We: Base Social Security benefits on your lifetime earnings. Adjust or “index” your actual earnings to account for changes in average wages since the year the earnings were received. Calculate your average indexed monthly earnings during the 35 years in which you earned the most.
We base your retirement benefit on your highest 35 years of earnings and the age you start receiving benefits.
Social Security replaces a percentage of your pre-retirement income based on their lifetime earnings. The portion of your pre-retirement wages that Social Security replaces is based on your highest 35 years of earnings and varies depending on how much you earn and when you choose to start benefits.
Average Indexed Monthly Earnings (AIME)
After we determine the number of years, we choose those years with the highest indexed earnings, sum such indexed earnings, and divide the total amount by the total number of months in those years. We then round the resulting average amount down to the next lower dollar amount.
You need to earn at least the taxable maximum each year for 35 years to get the maximum possible Social Security payment. If you don't work for 35 years, zeros are averaged into your calculation and will decrease your Social Security payments.
You currently have fewer than the 40 credits needed to become fully insured for retirement benefits. You can still earn credits and become fully insured if you work. We cannot pay you benefits if you don't have enough credits.
If you earn $75,000 per year, you can expect to receive $2,358 per month -- or about $28,300 annually -- from Social Security.
No Income For Each Year Up To 35
If you only worked for a minimum of ten years, it is unlikely that you'll be able to receive social security benefits. Benefits are based upon a minimum of 35 working years before your monthly average income can be calculated.
If you make $120,000, here's your calculated monthly benefit
Assuming that you earn an inflation-adjusted $120,000 for at least 35 years, and that the maximum taxable Social Security wage base is $120,000 or higher during these years, this would translate to a lifetime monthly average of $10,000.
Workers who don't accrue the requisite 40 credits (roughly 10 years of employment) are not eligible for Social Security.
For 2022, the special minimum benefit starts at $45.50 for someone with 11 years of coverage and goes to $950.80 for workers with 30 years of coverage. A financial advisor can help you plan your retirement taking into account your Social Security benefits.
California. In America's most populous state, some 4.3 million retirees who collect Social Security can expect to receive an average $1,496.13 per month from the program in 2020, or $17,953.56 over the course of the year. California is another state where benefits are below average for the U.S.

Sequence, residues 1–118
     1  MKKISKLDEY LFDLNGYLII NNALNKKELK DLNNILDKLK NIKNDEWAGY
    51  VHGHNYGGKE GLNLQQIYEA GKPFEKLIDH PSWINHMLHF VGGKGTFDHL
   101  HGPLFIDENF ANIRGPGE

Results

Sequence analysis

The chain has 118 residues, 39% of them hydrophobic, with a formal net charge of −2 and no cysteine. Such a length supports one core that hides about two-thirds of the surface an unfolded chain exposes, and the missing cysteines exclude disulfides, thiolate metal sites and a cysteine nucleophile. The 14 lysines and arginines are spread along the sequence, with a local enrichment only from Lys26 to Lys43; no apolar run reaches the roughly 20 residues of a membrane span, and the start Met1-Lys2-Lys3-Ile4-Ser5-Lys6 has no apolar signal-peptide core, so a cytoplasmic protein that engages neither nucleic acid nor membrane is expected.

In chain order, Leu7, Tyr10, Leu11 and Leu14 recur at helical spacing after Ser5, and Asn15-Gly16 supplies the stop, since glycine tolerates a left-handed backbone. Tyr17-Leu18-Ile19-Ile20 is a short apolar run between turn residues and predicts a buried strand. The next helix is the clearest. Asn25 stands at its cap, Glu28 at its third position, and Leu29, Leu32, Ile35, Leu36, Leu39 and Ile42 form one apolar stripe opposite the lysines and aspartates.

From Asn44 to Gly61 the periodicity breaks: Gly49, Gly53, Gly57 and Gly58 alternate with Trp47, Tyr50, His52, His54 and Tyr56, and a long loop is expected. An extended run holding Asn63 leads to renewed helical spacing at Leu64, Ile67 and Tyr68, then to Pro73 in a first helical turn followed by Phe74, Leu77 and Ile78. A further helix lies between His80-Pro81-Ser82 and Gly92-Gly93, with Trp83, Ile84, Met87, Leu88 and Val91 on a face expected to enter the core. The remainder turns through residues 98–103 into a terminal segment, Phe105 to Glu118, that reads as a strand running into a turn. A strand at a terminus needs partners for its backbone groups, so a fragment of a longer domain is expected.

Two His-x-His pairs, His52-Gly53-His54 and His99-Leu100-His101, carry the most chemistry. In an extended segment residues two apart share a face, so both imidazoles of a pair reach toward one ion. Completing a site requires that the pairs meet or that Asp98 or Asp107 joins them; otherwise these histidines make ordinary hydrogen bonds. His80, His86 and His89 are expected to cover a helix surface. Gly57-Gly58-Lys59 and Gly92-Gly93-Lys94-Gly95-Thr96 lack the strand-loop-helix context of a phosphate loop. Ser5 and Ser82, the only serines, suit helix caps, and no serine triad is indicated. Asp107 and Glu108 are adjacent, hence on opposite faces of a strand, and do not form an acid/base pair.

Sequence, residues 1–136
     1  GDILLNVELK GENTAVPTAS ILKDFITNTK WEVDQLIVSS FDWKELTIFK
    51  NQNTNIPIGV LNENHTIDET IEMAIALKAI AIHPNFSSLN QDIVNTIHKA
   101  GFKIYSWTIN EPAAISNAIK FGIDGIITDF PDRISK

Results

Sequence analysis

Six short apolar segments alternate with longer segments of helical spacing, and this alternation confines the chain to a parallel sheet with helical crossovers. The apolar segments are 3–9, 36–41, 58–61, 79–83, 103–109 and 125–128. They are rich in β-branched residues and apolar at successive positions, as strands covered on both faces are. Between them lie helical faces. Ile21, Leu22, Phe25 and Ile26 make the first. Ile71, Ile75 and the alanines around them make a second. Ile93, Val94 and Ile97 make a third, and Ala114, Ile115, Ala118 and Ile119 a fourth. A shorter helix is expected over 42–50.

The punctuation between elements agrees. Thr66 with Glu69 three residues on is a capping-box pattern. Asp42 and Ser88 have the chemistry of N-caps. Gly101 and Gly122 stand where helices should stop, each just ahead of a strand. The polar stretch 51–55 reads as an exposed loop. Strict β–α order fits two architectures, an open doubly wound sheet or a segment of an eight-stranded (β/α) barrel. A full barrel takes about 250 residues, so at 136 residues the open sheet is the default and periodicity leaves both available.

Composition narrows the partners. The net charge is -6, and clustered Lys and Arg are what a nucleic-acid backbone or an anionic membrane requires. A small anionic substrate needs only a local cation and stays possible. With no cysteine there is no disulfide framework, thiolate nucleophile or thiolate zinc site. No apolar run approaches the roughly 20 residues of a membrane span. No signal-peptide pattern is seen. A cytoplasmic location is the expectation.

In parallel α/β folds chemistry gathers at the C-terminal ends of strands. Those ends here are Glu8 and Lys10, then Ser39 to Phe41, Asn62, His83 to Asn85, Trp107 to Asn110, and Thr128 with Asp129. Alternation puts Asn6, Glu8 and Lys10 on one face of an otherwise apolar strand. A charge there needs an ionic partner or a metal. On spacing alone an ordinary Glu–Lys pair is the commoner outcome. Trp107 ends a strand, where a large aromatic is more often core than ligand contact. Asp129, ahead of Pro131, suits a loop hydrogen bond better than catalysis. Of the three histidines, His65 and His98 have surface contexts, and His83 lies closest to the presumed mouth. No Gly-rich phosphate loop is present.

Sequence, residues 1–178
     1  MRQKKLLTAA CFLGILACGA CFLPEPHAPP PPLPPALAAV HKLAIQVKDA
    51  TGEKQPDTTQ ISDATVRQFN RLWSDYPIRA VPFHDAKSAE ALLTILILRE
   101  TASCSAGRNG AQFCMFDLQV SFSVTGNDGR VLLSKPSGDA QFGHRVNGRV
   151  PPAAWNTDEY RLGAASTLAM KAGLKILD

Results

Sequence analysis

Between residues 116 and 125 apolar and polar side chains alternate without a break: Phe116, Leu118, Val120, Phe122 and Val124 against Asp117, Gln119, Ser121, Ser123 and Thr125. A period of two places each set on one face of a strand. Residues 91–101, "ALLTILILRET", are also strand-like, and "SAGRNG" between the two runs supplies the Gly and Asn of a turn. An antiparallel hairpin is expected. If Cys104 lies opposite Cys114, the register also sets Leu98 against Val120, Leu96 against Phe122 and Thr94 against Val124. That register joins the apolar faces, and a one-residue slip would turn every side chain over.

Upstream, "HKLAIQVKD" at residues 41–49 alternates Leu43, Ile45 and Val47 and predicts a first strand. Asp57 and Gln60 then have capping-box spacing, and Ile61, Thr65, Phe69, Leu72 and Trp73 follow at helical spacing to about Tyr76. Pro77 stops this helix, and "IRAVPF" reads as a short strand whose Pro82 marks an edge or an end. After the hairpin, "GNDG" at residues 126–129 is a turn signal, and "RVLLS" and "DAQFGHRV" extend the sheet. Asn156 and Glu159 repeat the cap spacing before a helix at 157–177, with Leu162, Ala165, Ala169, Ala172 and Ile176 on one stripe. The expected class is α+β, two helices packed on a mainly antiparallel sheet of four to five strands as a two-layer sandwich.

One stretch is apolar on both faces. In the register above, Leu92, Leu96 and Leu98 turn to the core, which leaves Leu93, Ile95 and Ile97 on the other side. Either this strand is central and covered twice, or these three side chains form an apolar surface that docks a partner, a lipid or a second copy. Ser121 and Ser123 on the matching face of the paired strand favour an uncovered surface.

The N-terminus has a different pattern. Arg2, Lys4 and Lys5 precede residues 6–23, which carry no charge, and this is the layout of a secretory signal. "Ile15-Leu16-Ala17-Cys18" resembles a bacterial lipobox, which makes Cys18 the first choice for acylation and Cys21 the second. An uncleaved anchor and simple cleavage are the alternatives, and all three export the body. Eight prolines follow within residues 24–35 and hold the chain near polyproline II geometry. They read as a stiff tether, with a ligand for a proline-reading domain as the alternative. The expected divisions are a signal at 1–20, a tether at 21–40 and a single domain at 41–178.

A good retirement income is about 80% of your pre-retirement income before leaving the workforce. For example, if your pre-retirement income is $5,000 you should aim to have a $4,000 retirement income.
If you make approximately $50,000 per year and retire at 66, you will earn an average of $1,592 per month. However, if you were to choose to retire earlier, at 62 for example, you'd only earn an average of $1,075 per month. And if you waited until 70, you'd receive double that, at $2,081 per month.
The maximum benefit depends on the age you retire. For example, if you retire at full retirement age in 2022, your maximum benefit would be $3,345. However, if you retire at age 62 in 2022, your maximum benefit would be $2,364. If you retire at age 70 in 2022, your maximum benefit would be $4,194.
To qualify for retirement benefits, you need 40 Social Security credits. You earn credits by paying Social Security tax on your income, and you can earn up to four per year. In 2022, $1,510 in earnings equals one credit; you earn four credits after making $6,040 for the year.
In short, your primary benefit amount is $2,982.97 per month. That's what you'll receive if you wait until your full retirement age, which for someone born in 1955 will be 66 years and two months.
You expect to withdraw 4% each year, starting with a $24,000 withdrawal in Year One. Your money earns a 5% annual rate of return while inflation stays at 2.9%. Based on those numbers, $600,000 would be enough to last you 30 years in retirement.
There is a special rule that applies to earnings for one year, usually the first year of retirement. Under this rule, you can get a full Social Security benefit for any whole month you are retired, regardless of your yearly earnings.
According to the SSA's 2021 Annual Statistical Supplement, the monthly benefit amount for retired workers claiming benefits at age 62 earning the average wage was $1,480 per month for the worker alone.